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Lethbridge Herald Newspaper Archives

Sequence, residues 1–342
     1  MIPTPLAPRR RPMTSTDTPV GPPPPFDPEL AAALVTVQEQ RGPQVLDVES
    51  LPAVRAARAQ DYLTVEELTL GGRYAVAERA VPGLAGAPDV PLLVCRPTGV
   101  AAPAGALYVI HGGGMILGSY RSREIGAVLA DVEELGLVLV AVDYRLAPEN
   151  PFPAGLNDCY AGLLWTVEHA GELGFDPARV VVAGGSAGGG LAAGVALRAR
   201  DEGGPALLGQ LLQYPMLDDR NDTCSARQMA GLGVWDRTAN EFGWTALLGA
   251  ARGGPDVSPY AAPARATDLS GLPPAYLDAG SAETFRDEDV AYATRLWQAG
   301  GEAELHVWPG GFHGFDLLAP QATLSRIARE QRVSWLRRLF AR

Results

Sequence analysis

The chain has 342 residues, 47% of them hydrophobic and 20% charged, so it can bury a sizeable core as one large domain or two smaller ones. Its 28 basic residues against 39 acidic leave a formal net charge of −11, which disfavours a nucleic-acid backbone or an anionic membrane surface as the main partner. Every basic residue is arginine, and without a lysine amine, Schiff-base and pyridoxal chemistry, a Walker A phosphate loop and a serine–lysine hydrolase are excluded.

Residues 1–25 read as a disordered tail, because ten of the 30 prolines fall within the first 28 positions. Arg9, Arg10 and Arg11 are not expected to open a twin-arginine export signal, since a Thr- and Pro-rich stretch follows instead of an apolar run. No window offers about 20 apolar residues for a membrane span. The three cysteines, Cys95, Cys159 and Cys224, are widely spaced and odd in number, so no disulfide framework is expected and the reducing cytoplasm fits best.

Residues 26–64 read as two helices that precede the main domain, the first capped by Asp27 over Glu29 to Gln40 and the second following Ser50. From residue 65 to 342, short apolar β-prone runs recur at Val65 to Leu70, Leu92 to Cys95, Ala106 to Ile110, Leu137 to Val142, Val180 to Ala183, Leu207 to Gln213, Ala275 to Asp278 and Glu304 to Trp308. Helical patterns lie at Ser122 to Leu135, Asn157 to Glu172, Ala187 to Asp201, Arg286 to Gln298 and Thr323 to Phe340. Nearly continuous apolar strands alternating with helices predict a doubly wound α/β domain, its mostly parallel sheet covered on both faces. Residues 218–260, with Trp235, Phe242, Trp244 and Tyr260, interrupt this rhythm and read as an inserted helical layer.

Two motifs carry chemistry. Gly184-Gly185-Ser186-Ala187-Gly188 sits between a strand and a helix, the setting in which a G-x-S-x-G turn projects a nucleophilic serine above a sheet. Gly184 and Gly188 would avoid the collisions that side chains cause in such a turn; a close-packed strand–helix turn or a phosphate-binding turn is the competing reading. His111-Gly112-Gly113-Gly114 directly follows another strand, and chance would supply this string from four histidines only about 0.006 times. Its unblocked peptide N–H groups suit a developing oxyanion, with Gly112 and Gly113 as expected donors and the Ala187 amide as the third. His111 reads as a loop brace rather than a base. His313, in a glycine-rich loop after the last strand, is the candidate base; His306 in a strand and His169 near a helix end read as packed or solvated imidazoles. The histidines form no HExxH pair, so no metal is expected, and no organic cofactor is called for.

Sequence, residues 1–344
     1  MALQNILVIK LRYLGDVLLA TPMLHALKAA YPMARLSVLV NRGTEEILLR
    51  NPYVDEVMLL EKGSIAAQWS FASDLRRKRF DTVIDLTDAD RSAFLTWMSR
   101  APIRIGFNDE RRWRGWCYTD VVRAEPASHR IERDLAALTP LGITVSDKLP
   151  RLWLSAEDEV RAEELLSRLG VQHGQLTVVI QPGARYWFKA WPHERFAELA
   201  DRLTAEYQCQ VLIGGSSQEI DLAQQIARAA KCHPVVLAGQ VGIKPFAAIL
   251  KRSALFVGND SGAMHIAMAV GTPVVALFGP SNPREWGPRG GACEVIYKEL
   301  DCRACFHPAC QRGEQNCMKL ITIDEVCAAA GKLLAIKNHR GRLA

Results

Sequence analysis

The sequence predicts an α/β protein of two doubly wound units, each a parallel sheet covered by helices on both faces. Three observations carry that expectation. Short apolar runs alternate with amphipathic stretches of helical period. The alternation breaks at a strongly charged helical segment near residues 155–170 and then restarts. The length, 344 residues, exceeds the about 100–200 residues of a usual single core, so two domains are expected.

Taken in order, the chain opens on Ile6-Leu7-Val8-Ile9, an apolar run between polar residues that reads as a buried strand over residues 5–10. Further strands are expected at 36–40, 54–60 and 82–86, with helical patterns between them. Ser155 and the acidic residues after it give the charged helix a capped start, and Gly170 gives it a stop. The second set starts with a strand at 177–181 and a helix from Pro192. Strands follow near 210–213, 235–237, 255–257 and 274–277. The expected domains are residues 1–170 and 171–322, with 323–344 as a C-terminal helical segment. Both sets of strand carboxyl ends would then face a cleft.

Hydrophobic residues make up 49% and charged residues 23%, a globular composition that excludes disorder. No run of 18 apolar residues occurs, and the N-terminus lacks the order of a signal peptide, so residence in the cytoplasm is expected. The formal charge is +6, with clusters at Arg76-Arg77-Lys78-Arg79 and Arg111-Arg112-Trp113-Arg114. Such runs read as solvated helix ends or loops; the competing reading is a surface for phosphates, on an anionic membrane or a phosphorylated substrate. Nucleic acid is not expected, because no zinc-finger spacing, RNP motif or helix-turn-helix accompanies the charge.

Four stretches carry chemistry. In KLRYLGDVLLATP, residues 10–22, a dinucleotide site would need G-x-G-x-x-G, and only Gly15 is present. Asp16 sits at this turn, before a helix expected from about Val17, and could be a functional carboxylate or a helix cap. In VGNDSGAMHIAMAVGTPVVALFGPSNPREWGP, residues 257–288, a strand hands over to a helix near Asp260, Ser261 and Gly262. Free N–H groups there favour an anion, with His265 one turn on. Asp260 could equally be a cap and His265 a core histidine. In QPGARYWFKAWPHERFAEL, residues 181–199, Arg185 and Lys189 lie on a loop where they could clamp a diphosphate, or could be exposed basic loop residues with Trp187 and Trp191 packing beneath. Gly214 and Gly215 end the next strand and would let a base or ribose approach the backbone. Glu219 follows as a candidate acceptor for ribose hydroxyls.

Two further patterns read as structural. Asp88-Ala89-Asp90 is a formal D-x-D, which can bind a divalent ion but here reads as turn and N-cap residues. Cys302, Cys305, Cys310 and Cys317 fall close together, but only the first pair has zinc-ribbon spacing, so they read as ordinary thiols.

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Lethbridge Herald, The (Newspaper) - September 11, 1912, Lethbridge, Alberta Wednesday. Scntciiilter-.lt, 1012 riTE LETIIBRtDGE PATLY HER ALP TODAY AND TOMORROW, PICTURES AND.CELEBRATED PERSONALITIES tfoRLD FAMOUS ARTIST AND CARICATURIST, IN A MB. IIAKKY r DISTINCTLY ORIGINAL "Master and Pupil" DISTINCTLY ORIGINAL INTRODUCING MR. FURNISS ILLUSTRATOR, SURROUNDED BY A CAST OF EXCEPTIONAL MERIT. ALSO' "UNnEB MEXICAN SKIES" A iWo" Drama o? oUl JOHN BUNNY _ IN "HOW SHOWING- MR. MARSHALL P. WILDER Giving Ihe Famous Fun Maker, Experiences ID Vandev.llo H E PAPERED THE ROOM" E FUNNY FAT BEE ON TUB JOB. IT'S A SCRBAM ACNES ERROL, th. Delightful Soprano. 3TABLAND ORCHESTRA COMING NEXT WEDNESDAY AND THURSDAY-COMING "THEIR LIVES FOR GOLD" This will be proof of our untiring effort! Is ihow THE Btbl. SOCIETY WOMEN CALLED BAD RISKS f OR INSURANCE OELEGATES. TO CONVENTION ;HERE SAYS LIVES THEY ..'LIVE-PUT DEATH RATE HIGH COLEMAN Ohicigb, SepL S.rr-Womeu. addicted "high society" habits are lindeslr jlbie llta 'iMurwlc'e risks hi'.ihe eyes c! the leaders iu the Amiirlcuh Life 'bonvenllon. which opened yesterday lu other women-are approaching a economic' and'-ilnau Klal-.lndapendehcs; which -Is 'causing itiiem to be considered equally as good "j-laka.. Self-supporting wo- tomistic and Industrial trade! ijartloularrj are .winning favor with In eu'rance companies and their ready IB classified us aafer than .jnost Their mortality, rate lower. Urje Health Laws There i" Opportunity women as h general class to beoome safer risks mid members of the Insurance conven-. tion advocated health legislation would aid iu the "conservation particularly 'of women. P." ?JDJ Gold, jr., of Greenaboro. N.C., pres- jdent of the '-convention, went on rec- ord 4s In favor of hygienic we'ddingfl ps advocated aud euforced by.Dean [Walter T. fiumner, of Chicaso, in all ceremoniea ho performs; "Many -Ufa Insurance Gold at tho Hotel La Ballc, where the convention sessions are being held, "are removing women Irom' tho, undesirable rrslc class. In the past moat companies have refrain- ed from BoHdtlng or writing policies (or women "on" the theory primarily Jhat the. object "of life Insurance ,1s lo protect -women and children alter the death- of husband and father. "The proper risk has been on the hend of the house. There always has been more or less Jear of R policy on-the life of a woman, for and all i there have'been many unscrupulous present. men to hasten profit by the death ol their wives. Now, however, more safeguards are being used and. there is less objection to writing a woman applicant. Favor Working Wom.n "Tho chief reason for. more llbera feeling toward ..women, .though, .Is found in tlio large increase in work Ing women. There are some 000-women earning tlieir own living in America today. .Many of these hav relatlvcs partly dependent upon '..them and they make good risks. In "the industrial trades women arc fa better risks than mon. ih'uir ffior t'ali'ty is much lower." President Gold sidestepped the is cue of whether society women desirable as policy holders, but a fcl low leader answered: "Women.who live the go-called high life have a hard time getting in eurance oil tluir lives. Companies do not want to take them. The> cat such indigestible viands, drink 91 many, harmful beverages that thei system scon Is wrecked and they g warmest praise to give for -the cordiality of their re- ception .among their Canadian cous- ns." Alberta Impressed all ths boys -ery much, and they are de- termined to coif.-s hack this way again and become better acquainted. These cowboys never fall to .Interest Washington, D.C.j Sept. cereal crops of the country, from pre- If anyone had been passing alonB Indication., will reach the un- urcccdentcd toial production, of OIG.OOO Ions, Viclor H, Olmstead, chief of the Department of Agricul- ture's .bureau oE. atatistics, announced ycBterday. With record .breaking croil of corn, spring wheat, oats, barley, rye, and the year's harvest will be 20.3 per' cent, greater lu weight than last year's production, and 0.1 per. cent, greater than the big year of 1910. Prospects for the re- cord breaking potato crop Indicate 11 'Will be .thirty-six per cent, more than last year, when the crop was very short; 14 per cent, more'tban In 1910, and 2 per cent, more than in 1909, when the previous record production was harvested. ,The-hay yield Is estimated at about 31 per cent, more lhan last year, aud 4 per cent, more than In 1910 and 1909. i August, like July, was decidedly favorable for crop development throughout the .country, the- Depart- ment oC Agriculture officials declare. They figure'tht. composite condition of all crops on September 1 as being about 16.66 per cent! 'better than- at that time a year ago.' e condition or production, if .har- vested, of various crops on Septem- ber compared, with' their average (not condition on that date In recent years, follows: PeaclMs, 130.0; apples, 126.2; spring wheat, pears; hemp, 109.9; barley, 109.5; potatoes, 109.E; flax seed, 107.- 56; dove'r ami; 106; tomatoes, 106.6; Keep in Touch with Canadian Development Ewry clllien at Canada, OWM It to hlmMlf to keep thormcfc- ly Informed conctrnlni tht IndutrUl, comuurcim ud DDMOUI development of Canada. THE FINANCIAL POIT OF CANADA fllw i coranleU u4 accurate nummary, every wwk, of condllloni In Cintula. Ita Butt- ntn lond Situation, and articles on ml and other (ornia of Investment, aw of value not only to Itt- but to all claMee. __ THI FINANCIAL POST la not uichnlcal paoer, but la writ- ten In popular and Intercellni style ao that anyone can under- atand. THE FINANCIAL POIT la quoted as an authority on Canadian Affairs In United State! and Great Britain Thl Inviatorl' Information Burfau IE free to auUcrlben, for aample copy and further Information the Financial Post of Canada "The Canadian lor F. 0. HAMARD, WiHKrn Manager Donllhlo'n Biilldlfli RECINA, BASK. ELECTRICIAN HAD NARROW ESCAPE WAS NEARLY A1PHYXIATED AT IDLE FROM CAR SHORTAGE BABY RUNS AUTO; COMPANION IS 72 CHILD TAKES GREAT GRAND- MOTHER ON "JOY HiTS POLICEMAN' one. Their. manner is at all times unassuming and there is a .ring of sincerity In their'voices. But It is when you talk of roping tattle, ex- pert riding and other like feats that ihe cowboy's eye becomes Illumined and his conversation interesting. knows the horse like a hook and any question Is easily and cbeerfnlly an- swered. In the party visiting Leth- bridge were: Geo. Gardner, Slerr Blanca; Clay McGonagall, Pearl. Nei Mexico; Alfred Vivian and McBrlde, Peco, Texas; John Glen, Douglas, Ari- zona, and Chas. B. Vesper, Newman, New Mexico. The Stampede 'will long remain in the minds of the boys, who are longing for Its repetition In order that they may form a closer acquain- tanceship with the land of tbe maple and also become, perchance, dwellers In the 'last great Canadian west, whose future holds out Inducements .ftir 'beyond the man to des- cribe. onions, 106.4; millet, 106.26; buck- wheat, 106.0; grapes, 10C.4; kattir corn, 105.6; cotton, 101.; corn, 101.2; sugar -beets, lOi.O; rice, lima 100.6; dry beans, 100.B; tobacco, 99.4. CAPITALISTS SAW FINE COUNTRY SACRIFICES IT ALL FOR LOVE RAPIDLY FERNIE Fernie, Sellt. fifty peopl from the Calgary Stampede -stoppe over here today. Jloat of them from Spokane and Seattle, .and are homeward bound from the big show. 'The weather has at last cleared away and last night suite a frost vis- ited this locality, the first in -fact lo do any appreciable damage to flowers aud vegetables. The funeral of Ralph Gash, the 17 year old sou of James Gash, the boy who was killed on the. Coal Creek tipple a day.br two ago, took place yesterday from the Enarlteh church and TTas largely attended. Saskatoon, Sask., Sept. Alelard Turgeon, speaker of the Que- bec legislative an inter- view with the W. A. P. today, stated (hat the nationalists are losing ground in Quebec. "There is absolutely no doubt but that the IJberals are again gaining strength in said Jlr. Tur- geon, "and if a general election -were to be held at the present time. Lau- rier would-be quite as strong in that province as he, was six or seven years last provincial iu Quebec are'sufficlent evidence of this. Liberals in Quebec are receiving ft reflex benefit from the stand taken previously by Monk and Pelletier, 'willi regard to the navnl policies of CHANGES IN BANK OF TORONTO Toronto, Sept R. Wads- worth, manager of the Dank of Tor- onto at the office of that Institu- tion, retires after fifty years or 'serv- iCR. J. Stewart Skeaff hna received the appointment as his successor. Mr. Wadsworth, who is sixty-five years of entered the service of the bank- as a junior In 1SG2. ago. "The ARCHDUCHESS ELLA OF AUSTRIA PREFERS HAPPY HOME TO A THRONE Vienna, Sept. engagement if the Archduchess Ella, a favorite granddaughter of Emperor Francis Joseph, to a young officer ot noble, but not royal, blood, is to be follow- ed ty the renunciation of her rights as a princess. Tho Archduchess Is twenty years old, and was expected to make a bril- iaut marriage, but she fell in love with Count George Waldburg .Lus- enau Hohenems, a dragoon officer, who was a comrade of her brother's durins their education. The Arch- duchess told her secret to the Em- peror, who supported tie engage- ment, although opposed by the other both Mr. Laurier." Borden and Sir Wilfrid THE Queen's Hotel ROYAL VIEW miles north of Lethbridgo All modern conveniences Prlralo dining rooms Meali a la Carte Arrangements can be made for private dances EverylhiiiE First Class Special Sunday Dinner from 5.30 to 7.30 p.m. R. C. FITZSIMMONS, PROP. PHONE 1624 MUSIC AND DRAMA (Conducted by FIDELIOt An narry Furnlss at Starland extraordinary feature being shown ai Starland today is the Kdisou IiToducLion of "Master and Pupil, remarkable story, wiili the celebrated and ivorld famoufi cartoonist, Mr. Harry .''iirniss portraying the leading role. The greater snajority oi pecplc lodny have, at some period or anolh er, senn magazine and n-awspancr TO productions of Mr. famous caricnturoB, but few have had an op ponunity of seelnR the originator and nrtiit himself .it work. The produc tion "Master and actually allots 'Mr. Furniss In a double role that of the artist at work, and tha of portTaying the leading1 diameter in a distinctly new and modern dramn This is a fentnre that is decldedlj word) seeing and should noi b tomobiie. With Miss Billie it diftermt: she had been riding with! Lcr mother manv times she had watched her. mother.operate .the; cat she knew just how h'e'r motherjpulle.d the pearl-handled diguei. oh the. thig- limbob attachei to. the silver-mounted whatyoncallit Billie didn t much else about an _auto 'hut thatj but she knew that thoroughly. Run9 Into a Policeman So, while greatrgrandmotber lal blissfully unconscious ql the impend" ihg catastrophe, Miss proceeded to toy artfully with.: the thigiimbbU and the whatyoucallit: Her. opera- tions brought prompt results. The can. started with a jerk. Great-grandniOtti- er woke up with a scream. Miss Billie gurgled. But the auto kept on: one. least of. all the auto; had any, notion of here it was certainly was on its way. It 'reeled into the midjile ot the street, '.8 dodged another auto by a hair's breadth, il moved swiftly and fluietlyj to the opposite curb. Meanwhile mother and grandmothn had heard great screams.. They -were in the street m an instant. .They saw the runabout careering down Sheridan Road. Thof raised fren7ied outcries. But'thn au- to kept'right on a-going. -It was at this point that Part liceirran Coleman projected himself in- to the scene. Calmly bravely ha confronted the oncoming auto. Calm- ly and impertnrbably the auto tossed Policeman Colcman into the gutter. Crash Into Store Window The 'car passed on. Policeman Cole-, man picked himself up, .mother and grandmother followed screaming. The The street car traffic at Regina In procession had moved ilown Increasing so rapidly that more cara for some (tjstano.i the cat are required. suddenly swerved to the curb. It mounted t Iho curb, crossed the side- walk, ami headed for a platc-glasl window. It v.'cnt through the plate- plass window and mounted a show- case. There it. stopped. Miss nillie was found to be highly iclightcd with her experience -whcl they lifted her out of the car. Great- gramlmotlicr had to be Wted out loi other reasons. She badly scjred. The car was extracted Irom the win- dow, and found to be practically mr i burl. HORSE RACE IS GREATEST RACE GOVERNOR JOHNSON SAW "TED. DY" WIN AT AN ILLINOIS FAIR Chicago, 111.. Sept. That hu- man Interest on a hot day centres more easily In a horse race than in politics 'was the decision of Governor Johnson yesterday at the Streator fair, when he delayed starting bis ad- dress until after, the .2.02 trot had teen finished. Amid applause he said: "My friends, I preach the doctrine of the human race, hut no race can compare with a horse race. Let us see the heat out." Then he faced the horses and aaw the heat run off. Some saw, an ari- alogy''between (he start of the horta race and the presidential contest. A horse named Toddy was a long time getting started, but tha race finish. ed wltli Teddy In the lead, and tlie crowd shouted: "Teddy "He always does, and will remarked the Governor. Governor Johnson's itinerary yes- terday carried him through the scenes of the famous Lincoln-Doug- this las de-bates of 1S59. His addresses dealt .mainly with social and Indus- trial q'ncstions, with an occasional re- ference to the Initiative and referen- dum and recall, and the direct elec- Table Board AM home ccoklng. Ladles or Gentlemen 1208 Third Ave. S. (RedpMh) PHONE 1150 ;